Peer Reviewed Journal Article

Investigation of genetic polymorphisms and smoking in a bladder cancer case-control study in Argentina

Authors: Moore, LE; Wiencke, JK; Bates, MN; Zheng, S; Rey, OA; Smith, AH (2004) Cancer Letters 211:199-207. HERO ID: 628119

[Less] We investigated the role of glutathione S-transferase (GST) enzymes (M1, T1), methylenetetrahydrofolate . . . [More] We investigated the role of glutathione S-transferase (GST) enzymes (M1, T1), methylenetetrahydrofolate (MTHFR) 677 and 1298, and the NAD(P)H:quinone oxidoreductase (NQO1) polymorphisms in a population-based bladder cancer case-control study in Argentina. Buccal cell DNA was obtained from 106 cases and 109 controls. The strongest evidence was for an interaction between NQO1 genotype and smoking. For ever smoking vs. never smoking the odds ratio was 8.6 (95% confidence interval (CI) 2.7-27), in the CC genotype, and 1.3 (95% CI 0.5-3.5) in the CT and TT genotypes combined. Also, elevated bladder cancer risks associated with GSTM1 and GSTT1 null genotypes were found in smokers. Having both null polymorphisms conferred the highest risks. The MTHFR 677 CT and TT polymorphisms appeared protective against bladder cancer.

The "refereed" or "peer review" status of a journal comes from the Ulrichsweb Global Serials Directory (http://ulrichsweb.serialssolutions.com/), as supplied by the publisher. The term refers to the system of critical evaluation of manuscripts/articles by professional colleagues or peers. The content of refereed publications is sanctioned, vetted, or otherwise approved by a peer-review or editorial board. The peer-review and evaluation system is utilized to protect, maintain, and raise the quality of scholarly material published in serials. Publications subject to the referee process are assumed, then, to contain higher quality content than those that are not.
Peer Reviewed Journal Article

Oral exposure to benzo[a]pyrene in the mouse: detoxication by inducible cytochrome P450 is more important than metabolic activation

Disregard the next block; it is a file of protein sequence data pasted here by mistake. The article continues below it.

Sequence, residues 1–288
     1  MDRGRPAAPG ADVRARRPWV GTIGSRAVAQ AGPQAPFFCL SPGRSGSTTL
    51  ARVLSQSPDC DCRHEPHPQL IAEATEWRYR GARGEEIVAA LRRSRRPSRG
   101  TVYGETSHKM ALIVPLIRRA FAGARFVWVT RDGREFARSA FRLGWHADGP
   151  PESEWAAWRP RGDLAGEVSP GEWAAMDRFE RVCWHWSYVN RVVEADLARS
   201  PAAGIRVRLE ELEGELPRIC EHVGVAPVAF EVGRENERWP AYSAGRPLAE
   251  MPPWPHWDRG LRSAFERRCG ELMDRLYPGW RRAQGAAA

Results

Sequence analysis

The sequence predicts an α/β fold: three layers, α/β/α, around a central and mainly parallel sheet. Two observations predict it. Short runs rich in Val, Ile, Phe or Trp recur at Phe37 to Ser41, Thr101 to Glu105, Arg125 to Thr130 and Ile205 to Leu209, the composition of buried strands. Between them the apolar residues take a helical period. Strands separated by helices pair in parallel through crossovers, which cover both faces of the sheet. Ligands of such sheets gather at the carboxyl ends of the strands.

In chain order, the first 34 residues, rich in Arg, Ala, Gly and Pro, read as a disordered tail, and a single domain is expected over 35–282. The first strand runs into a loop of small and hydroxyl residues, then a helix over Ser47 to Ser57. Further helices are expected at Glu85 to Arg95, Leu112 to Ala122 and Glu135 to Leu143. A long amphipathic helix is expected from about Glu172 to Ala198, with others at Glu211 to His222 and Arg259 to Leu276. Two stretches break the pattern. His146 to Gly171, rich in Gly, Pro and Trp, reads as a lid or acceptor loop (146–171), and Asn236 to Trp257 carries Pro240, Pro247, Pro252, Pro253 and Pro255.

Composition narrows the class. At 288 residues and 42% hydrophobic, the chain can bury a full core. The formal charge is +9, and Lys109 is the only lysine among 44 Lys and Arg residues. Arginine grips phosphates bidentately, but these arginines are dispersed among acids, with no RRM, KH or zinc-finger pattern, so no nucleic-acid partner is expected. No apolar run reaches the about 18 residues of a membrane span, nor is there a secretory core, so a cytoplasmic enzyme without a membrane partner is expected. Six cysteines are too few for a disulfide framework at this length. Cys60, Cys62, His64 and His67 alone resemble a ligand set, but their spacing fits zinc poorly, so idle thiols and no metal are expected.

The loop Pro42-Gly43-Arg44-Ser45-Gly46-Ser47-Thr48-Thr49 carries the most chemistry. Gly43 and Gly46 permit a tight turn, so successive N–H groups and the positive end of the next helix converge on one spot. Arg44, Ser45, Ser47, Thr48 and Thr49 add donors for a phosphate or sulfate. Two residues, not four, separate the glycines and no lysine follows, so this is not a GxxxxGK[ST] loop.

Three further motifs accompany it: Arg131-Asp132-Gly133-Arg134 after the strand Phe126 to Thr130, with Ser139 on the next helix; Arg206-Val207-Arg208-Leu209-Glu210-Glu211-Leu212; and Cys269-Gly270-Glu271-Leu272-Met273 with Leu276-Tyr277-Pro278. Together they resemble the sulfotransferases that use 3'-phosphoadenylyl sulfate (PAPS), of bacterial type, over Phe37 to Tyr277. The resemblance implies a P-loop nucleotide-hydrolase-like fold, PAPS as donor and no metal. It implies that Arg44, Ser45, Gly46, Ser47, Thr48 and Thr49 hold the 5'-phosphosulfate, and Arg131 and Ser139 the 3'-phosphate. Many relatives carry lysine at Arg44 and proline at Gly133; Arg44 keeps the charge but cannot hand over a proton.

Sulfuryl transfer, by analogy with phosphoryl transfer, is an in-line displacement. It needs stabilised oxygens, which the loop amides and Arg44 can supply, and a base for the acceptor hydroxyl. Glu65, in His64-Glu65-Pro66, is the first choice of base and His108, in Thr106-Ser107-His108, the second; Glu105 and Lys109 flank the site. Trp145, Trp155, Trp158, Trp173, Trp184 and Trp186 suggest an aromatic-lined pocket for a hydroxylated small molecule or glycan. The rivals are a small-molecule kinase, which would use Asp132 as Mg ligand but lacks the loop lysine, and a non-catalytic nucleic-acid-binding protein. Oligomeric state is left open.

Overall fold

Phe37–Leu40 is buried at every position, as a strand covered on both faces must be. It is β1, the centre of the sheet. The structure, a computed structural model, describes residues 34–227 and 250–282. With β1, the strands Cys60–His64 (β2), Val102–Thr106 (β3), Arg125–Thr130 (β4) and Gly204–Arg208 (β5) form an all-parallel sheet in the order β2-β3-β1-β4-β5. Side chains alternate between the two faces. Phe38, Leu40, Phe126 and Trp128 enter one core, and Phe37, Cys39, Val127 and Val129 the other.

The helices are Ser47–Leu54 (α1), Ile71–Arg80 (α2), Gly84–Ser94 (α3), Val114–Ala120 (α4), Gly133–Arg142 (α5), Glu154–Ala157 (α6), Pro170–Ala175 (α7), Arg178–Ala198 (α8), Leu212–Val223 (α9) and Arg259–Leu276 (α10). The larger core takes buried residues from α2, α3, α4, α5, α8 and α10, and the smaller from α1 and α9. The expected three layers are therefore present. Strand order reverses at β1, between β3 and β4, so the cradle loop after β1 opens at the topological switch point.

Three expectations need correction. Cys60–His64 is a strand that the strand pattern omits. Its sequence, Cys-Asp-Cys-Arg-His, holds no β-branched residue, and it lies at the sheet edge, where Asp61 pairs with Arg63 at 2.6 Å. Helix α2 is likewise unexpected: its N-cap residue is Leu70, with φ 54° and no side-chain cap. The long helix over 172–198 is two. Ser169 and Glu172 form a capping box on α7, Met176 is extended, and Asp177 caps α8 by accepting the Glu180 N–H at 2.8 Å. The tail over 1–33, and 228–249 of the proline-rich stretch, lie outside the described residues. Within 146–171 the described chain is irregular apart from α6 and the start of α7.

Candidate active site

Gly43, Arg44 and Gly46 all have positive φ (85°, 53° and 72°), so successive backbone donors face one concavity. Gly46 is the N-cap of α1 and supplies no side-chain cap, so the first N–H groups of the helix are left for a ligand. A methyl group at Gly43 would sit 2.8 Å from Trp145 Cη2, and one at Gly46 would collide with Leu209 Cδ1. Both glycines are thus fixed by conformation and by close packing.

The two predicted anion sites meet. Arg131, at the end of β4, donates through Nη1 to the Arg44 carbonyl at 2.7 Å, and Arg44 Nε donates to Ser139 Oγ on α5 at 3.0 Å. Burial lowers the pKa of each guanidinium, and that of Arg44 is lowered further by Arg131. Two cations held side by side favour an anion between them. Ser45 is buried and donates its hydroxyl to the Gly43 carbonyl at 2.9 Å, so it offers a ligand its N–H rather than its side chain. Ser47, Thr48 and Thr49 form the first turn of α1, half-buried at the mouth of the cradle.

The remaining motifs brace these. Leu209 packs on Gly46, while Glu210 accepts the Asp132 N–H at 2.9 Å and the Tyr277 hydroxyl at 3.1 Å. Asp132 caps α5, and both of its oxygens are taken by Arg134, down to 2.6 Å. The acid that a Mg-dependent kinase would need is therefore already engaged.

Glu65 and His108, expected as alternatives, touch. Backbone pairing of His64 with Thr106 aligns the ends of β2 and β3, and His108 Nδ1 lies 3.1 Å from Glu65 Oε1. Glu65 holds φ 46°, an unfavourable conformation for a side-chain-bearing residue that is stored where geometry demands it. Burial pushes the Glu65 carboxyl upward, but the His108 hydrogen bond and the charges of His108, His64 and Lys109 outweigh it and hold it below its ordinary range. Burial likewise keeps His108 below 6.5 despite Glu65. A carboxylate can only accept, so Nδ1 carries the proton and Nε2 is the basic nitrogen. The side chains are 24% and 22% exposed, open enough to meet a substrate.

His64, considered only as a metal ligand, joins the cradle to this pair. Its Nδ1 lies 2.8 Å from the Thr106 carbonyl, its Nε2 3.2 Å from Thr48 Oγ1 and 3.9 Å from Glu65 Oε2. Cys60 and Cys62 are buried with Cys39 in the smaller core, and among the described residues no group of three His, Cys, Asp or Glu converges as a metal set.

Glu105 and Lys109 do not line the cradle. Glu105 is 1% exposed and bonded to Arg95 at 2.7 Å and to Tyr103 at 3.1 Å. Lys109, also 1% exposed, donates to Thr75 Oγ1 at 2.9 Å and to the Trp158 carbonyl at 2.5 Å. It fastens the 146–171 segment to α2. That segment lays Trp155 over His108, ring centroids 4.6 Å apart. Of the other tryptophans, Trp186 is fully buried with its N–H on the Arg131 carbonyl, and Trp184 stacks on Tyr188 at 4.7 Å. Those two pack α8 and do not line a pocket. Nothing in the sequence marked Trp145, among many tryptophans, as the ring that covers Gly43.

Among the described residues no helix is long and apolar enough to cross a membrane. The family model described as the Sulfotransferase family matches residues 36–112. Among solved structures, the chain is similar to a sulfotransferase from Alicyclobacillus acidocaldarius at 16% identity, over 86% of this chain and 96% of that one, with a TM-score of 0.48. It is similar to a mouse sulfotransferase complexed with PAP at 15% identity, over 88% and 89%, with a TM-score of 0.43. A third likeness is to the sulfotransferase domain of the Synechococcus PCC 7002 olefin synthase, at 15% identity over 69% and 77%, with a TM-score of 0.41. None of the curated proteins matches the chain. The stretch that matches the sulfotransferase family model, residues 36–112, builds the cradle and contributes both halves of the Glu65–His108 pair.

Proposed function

Authors: Uno, S; Dalton, TP; Derkenne, S; Curran, CP; Miller, ML; Shertzer, HG; Nebert, DW (2004) Molecular Pharmacology 65:1225-1237. HERO ID: 1254167

[Less] The cytochrome P450 (CYP1A1) enzyme metabolically activates many polycyclic aromatic hydrocarbons, including . . . [More] The cytochrome P450 (CYP1A1) enzyme metabolically activates many polycyclic aromatic hydrocarbons, including benzo[a]pyrene (BaP), to DNA- and protein-binding intermediates that are associated with toxicity, mutagenesis, and carcinogenesis. As a result, it is widely accepted that CYP1A1 potentiates the toxicity of this class of chemicals. In distinct contrast, we show here that CYP1A1 inducibility is essential in the detoxication of oral BaP. We compared Cyp1a1(-/-) knockout mice, having the genetic absence of the CYP1A1 enzyme, with Cyp1a1(+/+) wild-type mice. At an oral BaP dose of 125 mg/kg/day, Cyp1a1(-/-) mice died within 30 days whereas Cyp1a1(+/+) mice displayed no outward signs of toxicity. The rate of BaP clearance was 4-fold slower in Cyp1a1(-/-) than Cyp1a1(+/+) mice. The cause of death in Cyp1a1(-/-) mice receiving oral BaP seemed to be immunotoxicity, including toxic chemical depression of the bone marrow; some toxic effects in Cyp1a1(-/-) mice were noted at a BaP dose as low as 1.25 mg/kg/day. DNA post-labeling studies demonstrated dramatically higher BaP-DNA adduct levels in all Cyp1a1(-/-) tissues assayed, with the exception of the small intestine, which is probably a major site of BaP metabolism in Cyp1a1(+/+) mice. Different BaP-DNA adduct patterns were also observed between the two genotypes receiving oral BaP. Despite previous studies in vitro and in cell culture that have shown a participatory role for CYP1A1 in BaP toxicity, the present data indicate that, in the intact animal, inducible CYP1A1 is extremely important in detoxication and protection against oral BaP toxicity.

The "refereed" or "peer review" status of a journal comes from the Ulrichsweb Global Serials Directory (http://ulrichsweb.serialssolutions.com/), as supplied by the publisher. The term refers to the system of critical evaluation of manuscripts/articles by professional colleagues or peers. The content of refereed publications is sanctioned, vetted, or otherwise approved by a peer-review or editorial board. The peer-review and evaluation system is utilized to protect, maintain, and raise the quality of scholarly material published in serials. Publications subject to the referee process are assumed, then, to contain higher quality content than those that are not.
Peer Reviewed Journal Article

Human interindividual variation in lymphocyte UDP-glucuronosyltransferases as a determinant of in vitro benzo[a]pyrene covalent binding and cytotoxicity

Authors: Hu, Z; Wells, PG (2004) Toxicological Sciences 78:32-40. HERO ID: 1012015